Nowhere is safe, including Ylith, Midkemia's strategic bastion, where Hal's younger brothers Martin and Brendan hold off an onslaught of brutal Keshian Dog Soldiers and a mysterious force from beneath the sea. Yet courage alone is not enough to withstand the continued enemy assault. Without reinforcements, hope of success fades. Martin, Brendan, and their compatriots know that while losing Crydee, the legendary city on the kingdom's edge, would be devastating, the realm can still be saved. But if Ylith falls, all is lost.

As Jim, Hal, and all their brothers in arms fight for their lives, Pug and the Conclave of Shadows embark on a magical quest to hunt down the dark force orchestrating the destruction before Midkemia is annihilated. And time is running out. . . .

See all Editorial Reviews

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Product Details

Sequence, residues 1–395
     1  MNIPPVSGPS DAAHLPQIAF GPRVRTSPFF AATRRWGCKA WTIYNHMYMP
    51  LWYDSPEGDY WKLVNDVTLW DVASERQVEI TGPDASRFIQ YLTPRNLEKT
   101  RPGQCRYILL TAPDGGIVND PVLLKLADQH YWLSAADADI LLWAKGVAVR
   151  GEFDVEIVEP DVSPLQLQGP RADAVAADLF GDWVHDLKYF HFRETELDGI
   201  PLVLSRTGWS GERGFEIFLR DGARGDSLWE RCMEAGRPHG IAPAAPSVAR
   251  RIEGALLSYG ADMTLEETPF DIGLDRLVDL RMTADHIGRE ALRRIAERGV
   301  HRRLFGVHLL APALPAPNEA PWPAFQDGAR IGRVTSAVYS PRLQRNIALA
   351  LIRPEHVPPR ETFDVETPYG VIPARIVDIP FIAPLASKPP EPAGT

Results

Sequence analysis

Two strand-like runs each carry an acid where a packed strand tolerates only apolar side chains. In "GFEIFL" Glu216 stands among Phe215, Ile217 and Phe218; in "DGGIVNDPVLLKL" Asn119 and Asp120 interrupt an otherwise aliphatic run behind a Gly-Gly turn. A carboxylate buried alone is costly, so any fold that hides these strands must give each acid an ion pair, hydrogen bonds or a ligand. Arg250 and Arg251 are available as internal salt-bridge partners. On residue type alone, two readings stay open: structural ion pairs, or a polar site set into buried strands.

• Series: Chaoswar Saga (Book 2)
  • Paperback: 469 pages
  • Publisher: Voyager; First Edition edition (March 13, 2012)
  • Language: English
  • ISBN-10: 9780061468414
  • ISBN-13: 978-0061468414
  • ASIN: 006146841X
  • Product Dimensions: 9.4 x 6.4 x 1.5 inches
  • Shipping Weight: 1.2 pounds
  • Average Customer Review: 3.9 out of 5 stars  See all reviews (165 customer reviews)
  • Amazon Best Sellers Rank: #824,326 in Books (See Top 100 in Books)

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Customer Reviews

Most Helpful Customer Reviews

46 of 50 people found the following review helpful By cpc65 on March 27, 2012
Format: Paperback Verified Purchase
The story itself is pretty good, in my opinion at least, but as others have stated all the errors, both typographic and grammatical as well as outright missing words and broken sentences that make no sense are just plain inexcusable. The proof reader, if any, was either asleep and /or blind. Either way they were not doing their job. Then add in the matter of the major character gaffe and it leaves fans of Mr. Feist's works sorely disappointed. To top it all off. Harper Voyager knew about these errors when the UK edition was released but chose to not bother to fix them for the US release. In fact, it looks like they flat out just used the UK edition for the US release as words use the British spelling such as colour and armour. I don't recall that being the case in previous Feist stories.